The rhythm of an election is heavily influenced by polls, those regular snapshots of the nation's political mindset.
But what about the biggest poll of all: the one run second-by-second on social media?
We've run the numbers on the accounts of the party leaders.
It's far from scientific, but it does tell us some interesting things about the state of this campaign.
In particular, it shows how Liberal Democrat leader Jo Swinson is at a disadvantage on the key battleground of Facebook, the place 35% of people describe as their most-used source of news, behind only BBC One and ITV.
When Ms Swinson launched her party's campaign today, she proclaimed her ability to compete on equal terms with the leaders of the main parties.
But when measured by Facebook "likes" she lags well behind her political rivals - as this graph shows.
Click the arrows to see how the party leaders compare:
Likes are important because they are one of the signals Facebook uses to decide whether or not to show people a page's content.
But they are not the only signal - and because people hardly ever unlike a page, some pages can have "legacy" likes, which don't necessarily add that much to their influence on Facebook.
We also measured the growth of each page - and here there's better news for Ms Swinson.
This tells us something important about Facebook: it's a star system, where the biggest gains go to the biggest pages.
We found that when we looked at interactions per page, Ms Swinson also fails to keep up with their her rivals.
Facebook's star system isn't the only reason for Ms Swinson's struggles on the social network.
Even though Facebook is normally seen as the best place for politicians to get engagement, our analysis shows she's chosen to post less frequently there than other party leaders.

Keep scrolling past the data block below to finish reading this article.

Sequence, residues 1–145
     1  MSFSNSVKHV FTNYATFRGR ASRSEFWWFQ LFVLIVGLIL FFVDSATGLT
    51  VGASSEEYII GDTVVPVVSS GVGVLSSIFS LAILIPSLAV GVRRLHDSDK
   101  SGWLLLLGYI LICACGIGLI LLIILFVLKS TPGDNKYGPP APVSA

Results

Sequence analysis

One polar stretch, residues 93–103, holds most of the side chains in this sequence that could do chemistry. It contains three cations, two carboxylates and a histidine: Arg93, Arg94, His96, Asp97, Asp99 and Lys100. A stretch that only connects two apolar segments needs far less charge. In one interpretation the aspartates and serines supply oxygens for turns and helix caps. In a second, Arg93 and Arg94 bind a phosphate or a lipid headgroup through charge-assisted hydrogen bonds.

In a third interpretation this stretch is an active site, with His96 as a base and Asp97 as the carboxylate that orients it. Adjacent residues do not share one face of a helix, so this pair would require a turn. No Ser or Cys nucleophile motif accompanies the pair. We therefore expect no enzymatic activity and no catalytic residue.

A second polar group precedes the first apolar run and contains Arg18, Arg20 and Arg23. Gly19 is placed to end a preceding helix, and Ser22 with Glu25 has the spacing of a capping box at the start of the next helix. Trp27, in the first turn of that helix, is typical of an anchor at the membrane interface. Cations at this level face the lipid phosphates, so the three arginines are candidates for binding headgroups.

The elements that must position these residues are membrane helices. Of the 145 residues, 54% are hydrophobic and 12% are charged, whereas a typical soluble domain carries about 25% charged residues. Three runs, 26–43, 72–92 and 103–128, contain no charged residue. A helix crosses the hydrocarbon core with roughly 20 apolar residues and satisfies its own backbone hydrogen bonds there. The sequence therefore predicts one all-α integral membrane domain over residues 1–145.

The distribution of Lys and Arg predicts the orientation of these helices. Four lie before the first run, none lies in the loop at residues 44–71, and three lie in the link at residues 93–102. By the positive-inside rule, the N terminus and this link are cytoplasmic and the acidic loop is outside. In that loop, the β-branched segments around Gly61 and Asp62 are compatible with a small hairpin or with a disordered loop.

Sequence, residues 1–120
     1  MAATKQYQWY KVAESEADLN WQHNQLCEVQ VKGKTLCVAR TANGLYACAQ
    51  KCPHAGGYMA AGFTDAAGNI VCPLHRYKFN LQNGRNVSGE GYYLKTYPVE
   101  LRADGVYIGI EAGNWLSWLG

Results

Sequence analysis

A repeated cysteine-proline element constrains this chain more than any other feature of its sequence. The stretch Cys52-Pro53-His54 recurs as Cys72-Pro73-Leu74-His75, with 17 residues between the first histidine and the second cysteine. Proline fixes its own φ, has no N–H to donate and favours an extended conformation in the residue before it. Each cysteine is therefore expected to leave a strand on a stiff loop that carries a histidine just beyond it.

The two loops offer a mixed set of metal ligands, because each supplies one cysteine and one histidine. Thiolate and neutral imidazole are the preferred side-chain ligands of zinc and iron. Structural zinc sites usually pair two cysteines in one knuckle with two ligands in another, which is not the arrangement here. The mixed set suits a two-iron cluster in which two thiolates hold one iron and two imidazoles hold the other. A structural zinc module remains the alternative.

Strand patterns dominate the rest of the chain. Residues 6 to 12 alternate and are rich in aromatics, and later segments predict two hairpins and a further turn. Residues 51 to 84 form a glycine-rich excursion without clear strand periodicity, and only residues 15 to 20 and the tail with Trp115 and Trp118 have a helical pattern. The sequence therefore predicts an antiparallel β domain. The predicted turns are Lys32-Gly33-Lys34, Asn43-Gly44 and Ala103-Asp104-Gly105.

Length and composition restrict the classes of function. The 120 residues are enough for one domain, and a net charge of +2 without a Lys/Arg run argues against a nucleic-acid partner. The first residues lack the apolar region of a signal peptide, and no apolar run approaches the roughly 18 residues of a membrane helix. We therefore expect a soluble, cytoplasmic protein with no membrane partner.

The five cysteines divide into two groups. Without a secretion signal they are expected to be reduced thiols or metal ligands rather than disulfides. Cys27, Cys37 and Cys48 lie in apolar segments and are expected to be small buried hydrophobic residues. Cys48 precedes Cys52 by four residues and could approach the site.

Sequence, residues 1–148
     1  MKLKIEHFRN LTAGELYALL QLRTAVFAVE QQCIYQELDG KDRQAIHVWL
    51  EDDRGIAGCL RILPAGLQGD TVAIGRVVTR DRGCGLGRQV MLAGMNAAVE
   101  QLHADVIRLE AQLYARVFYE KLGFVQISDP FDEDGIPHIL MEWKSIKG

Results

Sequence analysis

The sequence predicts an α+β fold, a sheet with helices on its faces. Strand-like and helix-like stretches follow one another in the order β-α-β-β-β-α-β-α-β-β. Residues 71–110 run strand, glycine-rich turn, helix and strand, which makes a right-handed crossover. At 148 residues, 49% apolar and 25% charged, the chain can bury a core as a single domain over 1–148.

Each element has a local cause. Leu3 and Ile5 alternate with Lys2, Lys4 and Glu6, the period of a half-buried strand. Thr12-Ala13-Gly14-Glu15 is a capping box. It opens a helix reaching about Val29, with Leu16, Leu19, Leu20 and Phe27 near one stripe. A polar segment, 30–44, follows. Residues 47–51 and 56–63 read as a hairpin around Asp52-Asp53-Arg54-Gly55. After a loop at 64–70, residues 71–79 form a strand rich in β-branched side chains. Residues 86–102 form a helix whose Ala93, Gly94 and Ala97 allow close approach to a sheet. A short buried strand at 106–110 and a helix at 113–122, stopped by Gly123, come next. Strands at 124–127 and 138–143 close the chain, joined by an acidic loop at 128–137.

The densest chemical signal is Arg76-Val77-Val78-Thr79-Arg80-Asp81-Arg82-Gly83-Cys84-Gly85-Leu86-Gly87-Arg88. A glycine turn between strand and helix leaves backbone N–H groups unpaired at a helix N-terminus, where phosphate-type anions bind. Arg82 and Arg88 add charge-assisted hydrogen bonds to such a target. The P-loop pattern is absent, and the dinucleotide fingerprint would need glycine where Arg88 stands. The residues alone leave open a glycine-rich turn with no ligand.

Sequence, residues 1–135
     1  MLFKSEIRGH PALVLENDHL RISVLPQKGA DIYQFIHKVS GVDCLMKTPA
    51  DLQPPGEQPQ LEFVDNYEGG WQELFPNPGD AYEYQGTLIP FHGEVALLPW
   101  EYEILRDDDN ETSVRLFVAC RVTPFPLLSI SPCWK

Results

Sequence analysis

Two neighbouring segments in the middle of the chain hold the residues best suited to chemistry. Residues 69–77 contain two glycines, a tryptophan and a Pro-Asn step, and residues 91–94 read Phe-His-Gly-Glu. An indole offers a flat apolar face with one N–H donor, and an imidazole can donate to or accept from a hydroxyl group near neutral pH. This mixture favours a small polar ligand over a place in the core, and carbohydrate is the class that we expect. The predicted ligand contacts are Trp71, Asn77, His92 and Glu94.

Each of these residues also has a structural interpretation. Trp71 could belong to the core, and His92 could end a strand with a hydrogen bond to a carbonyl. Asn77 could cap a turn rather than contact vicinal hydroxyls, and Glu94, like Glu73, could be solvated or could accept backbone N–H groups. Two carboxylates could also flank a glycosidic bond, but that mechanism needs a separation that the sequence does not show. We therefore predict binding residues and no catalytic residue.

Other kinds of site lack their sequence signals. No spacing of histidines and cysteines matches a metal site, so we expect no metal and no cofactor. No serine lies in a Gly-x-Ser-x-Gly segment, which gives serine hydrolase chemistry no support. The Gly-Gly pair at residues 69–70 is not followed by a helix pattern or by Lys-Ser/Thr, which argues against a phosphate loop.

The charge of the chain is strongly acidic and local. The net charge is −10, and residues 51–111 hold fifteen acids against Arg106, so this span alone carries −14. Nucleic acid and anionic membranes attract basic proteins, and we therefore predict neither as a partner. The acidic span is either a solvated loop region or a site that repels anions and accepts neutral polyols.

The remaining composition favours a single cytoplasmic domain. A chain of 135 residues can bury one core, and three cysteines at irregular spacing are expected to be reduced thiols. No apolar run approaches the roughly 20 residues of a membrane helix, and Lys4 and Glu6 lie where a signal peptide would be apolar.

As well as looking at likes, we also analysed how people react to the party leaders' posts.
On Facebook, people can react to posts with one of five emojis: love, wow, haha, sad or angry.
This chart shows how the leaders look in the language of emojis.
To see what this means in practice, take a look at this post by Jeremy Corbyn.
Over the period we analysed, it received the highest number of "sad" reactions, an emotion Corbyn's page prompts in unusually high numbers.
By contrast, the post with the highest number of angry reactions came from Nigel Farage, the politician who receives by far the most angry responses in total.
What does this tell us about Facebook? It's no coincidence that the two politicians that prompt the most angry reactions are also the most popular.
Put simply, success on Facebook often relates to riling people up - another reason why Ms Swinson may find it hard to generate the same kind of response as her rivals.
The one politician who seems able to buck this trend is Mr Johnson, who gets an amazingly high number of "loves" for his posts.
Although as many people have pointed out, some of these don't look totally authentic: there are far too many "Brilliant Boris" comments to appear natural.
The BBC have reported that most people posting these reactions are just doing it for fun, so there's no accusation of wrongdoing.
Just a health warning: as interesting as they are, the numbers on Facebook might not necessarily be any more accurate than the polls in the last two elections.